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Vladimir Orlov

Vladimir Orlov is the founder and now Special Advisor at the PIR Center (Russian Center for Policy Studies); Director of the Center for Global Trends and International Organizations at the Diplomatic Academy of the Ministry of Foreign Affairs of the Russian Federation; member of the UN Secretary General’s Advisory Board on Disarmament Matters. He participated in the NPT Review Conferences of 1995, 2000, 2005, 2010, and 2015.

  • 22 september 2015

    The Glass Menagerie of Non-Proliferation

    There is no doubt that the international nuclear non-proliferation regime entered a new phase in May 2015. The situation has worsened, and it will be more and more difficult and expensive to correct it. The cooling of international relations will make the NPT situation extremely fragile.

  • 30 june 2013

    Life After Death

    Nunn-Lugar should be replaced with a new Russian-American program that should involve fewer projects and less funding. Let us call it New Partnership. Its main principle should be equality, rather than patronizing through money infusions from donors.

  • 25 march 2012

    A Labyrinth with No Walls

    Russia should step over its prejudices and take a look at today’s Iran as its serious and long-term partner in the region – not at the declarative level, but at the level of action. Such attempts have been made from time to time, but now and then they are interrupted – out of the wrong fear to anger the Americans.

  • 29 december 2011

    Russia’s Nuclear Quest Comes Full Circle

    Russia should rethink what it has inherited from the Soviet Union in nuclear matters, the role of nuclear weapons, and their relevance in the future. Furthermore, Russia should consider how it can best use to its own advantage the opportunities offered by the nuclear non-proliferation regime, and how this regime can be modified to meet the realities of the new century.

  • 16 october 2010

    NPT of Tomorrow

    The success of the 2010 NPT Review Conference is a step forward towards strengthening the international nuclear non-proliferation regime. Although it is a modest step, it is nonetheless significant, as it has reaffirmed the vitality and viability of the NPT.

  • 16 september 2003

    Patient in Coma?

    The Iraqi crisis has inflicted serious damage on the principles of non-proliferation of weapons of mass destruction. The very word ‘non-proliferation’ has become hackneyed, while the traditional mechanisms for preventing the WMD proliferation are being ignored – not because they are inefficient but because they can lay bare an easy substitution; the established non-proliferation architecture is being deliberately jeopardized.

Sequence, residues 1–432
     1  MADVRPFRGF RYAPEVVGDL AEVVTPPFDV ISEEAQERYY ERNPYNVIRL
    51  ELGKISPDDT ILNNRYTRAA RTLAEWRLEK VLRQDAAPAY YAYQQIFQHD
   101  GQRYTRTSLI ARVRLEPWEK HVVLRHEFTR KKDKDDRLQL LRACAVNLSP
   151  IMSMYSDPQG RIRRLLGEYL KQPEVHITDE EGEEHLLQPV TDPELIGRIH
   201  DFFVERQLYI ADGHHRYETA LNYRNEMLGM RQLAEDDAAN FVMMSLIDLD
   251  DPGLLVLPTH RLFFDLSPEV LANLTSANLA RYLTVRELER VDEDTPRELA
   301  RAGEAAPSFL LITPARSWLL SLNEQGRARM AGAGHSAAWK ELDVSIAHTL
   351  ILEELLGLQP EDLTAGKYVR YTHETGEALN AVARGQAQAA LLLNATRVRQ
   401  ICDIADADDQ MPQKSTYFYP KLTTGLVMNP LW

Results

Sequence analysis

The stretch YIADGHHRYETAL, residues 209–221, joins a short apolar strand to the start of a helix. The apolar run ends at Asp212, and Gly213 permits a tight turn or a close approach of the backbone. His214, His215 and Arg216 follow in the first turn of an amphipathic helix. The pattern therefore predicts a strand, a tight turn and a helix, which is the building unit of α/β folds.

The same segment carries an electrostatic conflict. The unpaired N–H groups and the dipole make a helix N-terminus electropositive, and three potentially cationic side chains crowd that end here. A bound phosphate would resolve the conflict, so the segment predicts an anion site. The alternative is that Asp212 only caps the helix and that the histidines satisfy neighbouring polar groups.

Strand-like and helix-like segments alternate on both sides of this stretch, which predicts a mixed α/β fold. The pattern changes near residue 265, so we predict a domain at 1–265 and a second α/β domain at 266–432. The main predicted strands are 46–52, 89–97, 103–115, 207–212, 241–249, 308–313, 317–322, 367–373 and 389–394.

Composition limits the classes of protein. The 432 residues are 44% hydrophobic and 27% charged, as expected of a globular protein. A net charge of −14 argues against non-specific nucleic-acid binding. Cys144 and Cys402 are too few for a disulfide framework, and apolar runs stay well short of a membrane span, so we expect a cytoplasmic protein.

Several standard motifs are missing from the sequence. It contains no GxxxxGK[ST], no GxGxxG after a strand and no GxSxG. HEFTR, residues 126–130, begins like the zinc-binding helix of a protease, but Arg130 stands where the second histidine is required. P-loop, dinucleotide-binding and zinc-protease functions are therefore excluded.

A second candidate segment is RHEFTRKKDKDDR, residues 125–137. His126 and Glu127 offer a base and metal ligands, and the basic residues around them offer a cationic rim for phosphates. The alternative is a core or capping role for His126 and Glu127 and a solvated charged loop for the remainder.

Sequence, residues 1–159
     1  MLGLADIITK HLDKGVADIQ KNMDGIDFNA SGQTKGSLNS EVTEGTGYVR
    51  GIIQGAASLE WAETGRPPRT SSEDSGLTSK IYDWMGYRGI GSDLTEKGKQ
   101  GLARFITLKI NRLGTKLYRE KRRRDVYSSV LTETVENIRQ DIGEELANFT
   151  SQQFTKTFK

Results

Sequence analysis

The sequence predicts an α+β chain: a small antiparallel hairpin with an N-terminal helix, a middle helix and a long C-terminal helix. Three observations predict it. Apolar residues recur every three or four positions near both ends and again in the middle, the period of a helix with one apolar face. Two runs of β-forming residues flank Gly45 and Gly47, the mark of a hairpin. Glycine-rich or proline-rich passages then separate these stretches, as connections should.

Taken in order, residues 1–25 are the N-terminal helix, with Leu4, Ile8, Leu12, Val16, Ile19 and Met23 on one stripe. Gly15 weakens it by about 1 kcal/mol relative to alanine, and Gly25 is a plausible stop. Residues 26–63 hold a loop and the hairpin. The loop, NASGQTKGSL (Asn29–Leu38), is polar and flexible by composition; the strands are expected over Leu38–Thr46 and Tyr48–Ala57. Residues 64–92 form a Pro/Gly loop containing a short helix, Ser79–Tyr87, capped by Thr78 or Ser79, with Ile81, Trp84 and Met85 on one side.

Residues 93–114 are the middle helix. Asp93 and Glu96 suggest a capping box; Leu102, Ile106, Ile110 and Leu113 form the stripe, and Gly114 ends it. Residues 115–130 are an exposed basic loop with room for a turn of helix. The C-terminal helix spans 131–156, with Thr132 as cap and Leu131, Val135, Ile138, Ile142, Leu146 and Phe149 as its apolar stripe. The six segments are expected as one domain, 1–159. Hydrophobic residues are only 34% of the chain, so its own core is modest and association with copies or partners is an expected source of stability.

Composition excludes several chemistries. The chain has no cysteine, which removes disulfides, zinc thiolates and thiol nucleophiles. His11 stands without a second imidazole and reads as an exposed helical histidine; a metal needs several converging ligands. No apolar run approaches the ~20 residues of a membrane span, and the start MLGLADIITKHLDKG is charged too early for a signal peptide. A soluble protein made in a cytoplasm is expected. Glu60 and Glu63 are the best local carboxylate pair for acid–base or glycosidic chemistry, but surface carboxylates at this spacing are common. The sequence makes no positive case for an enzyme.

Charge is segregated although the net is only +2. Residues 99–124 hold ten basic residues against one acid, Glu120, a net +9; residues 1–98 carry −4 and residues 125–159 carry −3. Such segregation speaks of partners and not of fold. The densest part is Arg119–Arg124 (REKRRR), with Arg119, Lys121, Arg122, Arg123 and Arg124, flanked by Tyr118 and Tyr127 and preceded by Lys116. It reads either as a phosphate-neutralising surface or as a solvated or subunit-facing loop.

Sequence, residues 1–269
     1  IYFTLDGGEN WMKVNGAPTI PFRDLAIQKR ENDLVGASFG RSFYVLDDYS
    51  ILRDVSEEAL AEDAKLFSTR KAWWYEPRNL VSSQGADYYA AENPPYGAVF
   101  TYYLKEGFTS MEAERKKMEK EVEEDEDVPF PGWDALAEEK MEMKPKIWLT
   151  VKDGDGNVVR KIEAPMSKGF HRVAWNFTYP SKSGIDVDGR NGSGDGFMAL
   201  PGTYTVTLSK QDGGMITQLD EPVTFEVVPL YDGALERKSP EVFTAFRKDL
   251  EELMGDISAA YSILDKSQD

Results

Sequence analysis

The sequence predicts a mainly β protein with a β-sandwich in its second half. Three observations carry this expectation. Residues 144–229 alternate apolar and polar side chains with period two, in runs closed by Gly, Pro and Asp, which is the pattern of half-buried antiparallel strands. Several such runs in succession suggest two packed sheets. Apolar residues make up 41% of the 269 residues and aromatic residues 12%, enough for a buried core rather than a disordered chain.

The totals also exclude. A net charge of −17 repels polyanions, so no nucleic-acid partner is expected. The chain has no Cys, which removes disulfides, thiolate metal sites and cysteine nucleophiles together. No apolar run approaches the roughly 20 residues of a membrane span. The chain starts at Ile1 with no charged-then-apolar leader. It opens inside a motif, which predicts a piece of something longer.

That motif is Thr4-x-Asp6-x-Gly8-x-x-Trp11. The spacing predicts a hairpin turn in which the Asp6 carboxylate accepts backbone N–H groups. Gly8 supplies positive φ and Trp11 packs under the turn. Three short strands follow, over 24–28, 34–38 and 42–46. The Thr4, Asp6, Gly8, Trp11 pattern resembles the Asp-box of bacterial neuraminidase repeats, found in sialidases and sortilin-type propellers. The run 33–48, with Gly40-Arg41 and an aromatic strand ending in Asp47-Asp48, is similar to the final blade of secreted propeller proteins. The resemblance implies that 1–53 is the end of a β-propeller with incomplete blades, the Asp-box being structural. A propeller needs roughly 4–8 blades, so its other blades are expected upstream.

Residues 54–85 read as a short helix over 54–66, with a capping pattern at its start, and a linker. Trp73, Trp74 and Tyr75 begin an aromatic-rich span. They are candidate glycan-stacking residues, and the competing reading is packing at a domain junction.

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Publisher's column

A new world order: A view from Russia

Since around 2017–2018, the world has been living through a period of progressive erosion, or collapse, of international orders inherited from the past. With the election of Donald Trump and the rapid increase of US containment of Russia and China—which is both a consequence of this gradual erosion and also represents deep internal and international contradictions—this process entered its apogee.

Editor's column

Will US pullout from Syria increase risk of conflict with Russia?

The announcement of the US pullout from Syria was received with caution in Moscow. Besides the security and political challenges it may bring about, the Trump decision could mean the end of a practical, relatively constructive US-Russian approach to conflict at flashpoints.


Russia has 3 messages for Turkey over operation in Syria

Russia has its eye on long-term opportunities following Turkey's operation in northeast Syria.

The East’s Rise and the New Russian Foreign Policy

Russia is bracing to turn from its centuries-old foreign policy model (dating back to the Moscow Principality) to maintain direct control over its immediate periphery as a way to provide for its security. How new self-defense methods get integrated into the nation’s strategic culture can play a crucial role in the future.

Russian Interests in the Context of the Iranian-Saudi Crisis

Provocations benefit everyone. They allow strong states to express anger, reaffirm their supremacy, and to even use force but without resorting to war.

Developing the Far East and Chinese-Russian Relations: New Perceptions and New Practices

Developing the Russian Far East and Siberia has been an important step in state-building for Russia. Although there have been debates about appropriate ideas and policies in the strategy, developing the vast frontier region and promoting relations with Asian countries has set a steadfast direction of development for Russia. Chinese-Russian cooperation in the border region during the early stages of imperial Russia’s policies in the Far East holds enlightening significance for today’s bilateral cooperation.

Japan and the Development of the Russian Far East

The main objective for the Shinzo Abe administration’s active engagement in supporting the involvement of Japanese companies in the development of the Russian Far East is to create favourable environment for resolution of the territorial issue and conclusion of a peace treaty with Russia. Japan–Russia cooperation in the Russian Far East is part of Abe’s 8-point cooperation plan with Moscow.